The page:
Branching Out

I’ve been woodworking for about six years total.  Four or so have been hand tool-focused.  It’s hard to admit, but I never really went hand tool only, as I rely pretty heavily on my thickness planer.  I also use a drill press from time to time, because I have one.  And it came in handy recently, as I forayed into some more basic metalworking.

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For me, this is complicated metalwork.

After working at the new workbench for a couple of months, it became rather clear that the connection between the main slab and the extension needed shoring up.  Three posts and some 4″ lengths of angle iron at random intervals weren’t doing the trick.  It needed something more substantial.

I found myself at the home center at 601am on a Saturday (I was actually there for cleaning products), and it seemed they had freshly restocked the angle iron.  I had cobalt bits and a new countersink, so I figured, “why not?”.

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Not even I worried about clocking these screws.

Drilling through 1/8″ mild steel is not too bad (although the squiggly shavings can be sharp!).  And countersinking is messy and loud, if satisfying.  The only hard part about the entire endeavor was lining up the holes in the angle iron to not interfere with the planing stop or holdfast holes.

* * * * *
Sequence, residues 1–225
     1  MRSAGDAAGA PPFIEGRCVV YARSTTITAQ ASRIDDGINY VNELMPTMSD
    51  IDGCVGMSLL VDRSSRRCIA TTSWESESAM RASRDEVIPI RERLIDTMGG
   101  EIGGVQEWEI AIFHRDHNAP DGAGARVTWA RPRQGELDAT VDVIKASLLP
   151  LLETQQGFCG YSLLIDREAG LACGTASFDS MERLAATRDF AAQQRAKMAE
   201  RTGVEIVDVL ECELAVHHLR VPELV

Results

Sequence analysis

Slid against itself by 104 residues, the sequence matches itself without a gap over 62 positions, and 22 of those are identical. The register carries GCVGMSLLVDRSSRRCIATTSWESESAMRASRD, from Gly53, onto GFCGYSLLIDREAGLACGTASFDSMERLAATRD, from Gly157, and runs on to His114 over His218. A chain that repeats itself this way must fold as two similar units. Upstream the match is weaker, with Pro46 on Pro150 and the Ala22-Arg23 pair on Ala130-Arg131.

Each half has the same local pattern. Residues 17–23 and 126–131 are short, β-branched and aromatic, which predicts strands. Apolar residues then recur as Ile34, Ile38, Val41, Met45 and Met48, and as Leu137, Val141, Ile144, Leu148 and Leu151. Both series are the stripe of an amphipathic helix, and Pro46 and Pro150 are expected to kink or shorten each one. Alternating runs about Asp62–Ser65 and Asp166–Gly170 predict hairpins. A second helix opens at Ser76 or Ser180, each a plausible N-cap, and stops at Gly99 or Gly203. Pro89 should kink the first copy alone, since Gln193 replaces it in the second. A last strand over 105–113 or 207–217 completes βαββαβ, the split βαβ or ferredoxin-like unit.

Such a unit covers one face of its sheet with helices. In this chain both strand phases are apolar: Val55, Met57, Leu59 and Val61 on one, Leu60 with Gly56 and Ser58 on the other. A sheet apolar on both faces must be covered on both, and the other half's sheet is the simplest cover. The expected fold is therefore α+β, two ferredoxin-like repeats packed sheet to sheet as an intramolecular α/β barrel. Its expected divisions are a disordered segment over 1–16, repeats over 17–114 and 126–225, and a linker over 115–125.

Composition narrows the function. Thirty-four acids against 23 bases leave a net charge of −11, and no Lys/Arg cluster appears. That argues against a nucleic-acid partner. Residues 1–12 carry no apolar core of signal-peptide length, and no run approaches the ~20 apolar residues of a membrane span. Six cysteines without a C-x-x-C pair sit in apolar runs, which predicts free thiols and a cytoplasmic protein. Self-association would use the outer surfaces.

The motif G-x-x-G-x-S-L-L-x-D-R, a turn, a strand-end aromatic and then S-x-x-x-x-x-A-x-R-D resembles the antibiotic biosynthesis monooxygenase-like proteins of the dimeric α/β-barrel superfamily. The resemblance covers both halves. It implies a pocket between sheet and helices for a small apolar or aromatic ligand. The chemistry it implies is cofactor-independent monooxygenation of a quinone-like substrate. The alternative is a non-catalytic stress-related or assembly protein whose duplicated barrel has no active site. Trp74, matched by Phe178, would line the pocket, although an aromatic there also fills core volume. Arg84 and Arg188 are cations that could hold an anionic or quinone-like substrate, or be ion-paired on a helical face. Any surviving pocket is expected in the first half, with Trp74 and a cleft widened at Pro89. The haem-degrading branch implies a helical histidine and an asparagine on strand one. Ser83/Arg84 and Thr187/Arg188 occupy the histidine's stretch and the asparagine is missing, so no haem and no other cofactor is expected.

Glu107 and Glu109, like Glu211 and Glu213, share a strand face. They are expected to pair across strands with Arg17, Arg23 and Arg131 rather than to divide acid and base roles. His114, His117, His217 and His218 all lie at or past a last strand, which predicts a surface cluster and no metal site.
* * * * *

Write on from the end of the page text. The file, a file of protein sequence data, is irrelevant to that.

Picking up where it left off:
Now two lengths of 24″ angle iron, with screws at 1.5″ and 8″ from each end, reinforce the joint between the slab and the extension.  They also added a couple of lbs. to the workbench, which can’t be overstated.  Although I’m keeping the workbench shelf-less, I am in fact going to add a back stretcher between the angled back legs to increase the heft overall.

Speaking of which, I added some extensions to the back of the angled legs.  Now the footprint of the legs nearly matches the depth of the bench top, which makes the bench more stable when traversing or using a shooting board.  The extensions also, conveniently, create a ledge for the back stretcher to ride on (meaning I can get away with not gluing the lap-jointed stretcher in place).

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Hide glue and 3/8 lag bolts ensure it won’t ever move.

My next project is a cabinet for under the bench, which will store clamps, fasteners and other odds and ends that I use enough to keep them close at hand, but not so often that they should be in my tool chest.  I’m purposely building it in a way that can be converted to a wall cabinet if the mood ever seizes me.

Stay tuned.

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2 comments

  1. I completely understand and agree. I’ve been woodworking with hand tools for about three years. Thicknessing boards is unpleasant. My solution has been to pay someone at the local woodcraft to do it. Mostly I don’t want to deal with the dust.

    Liked by 1 person

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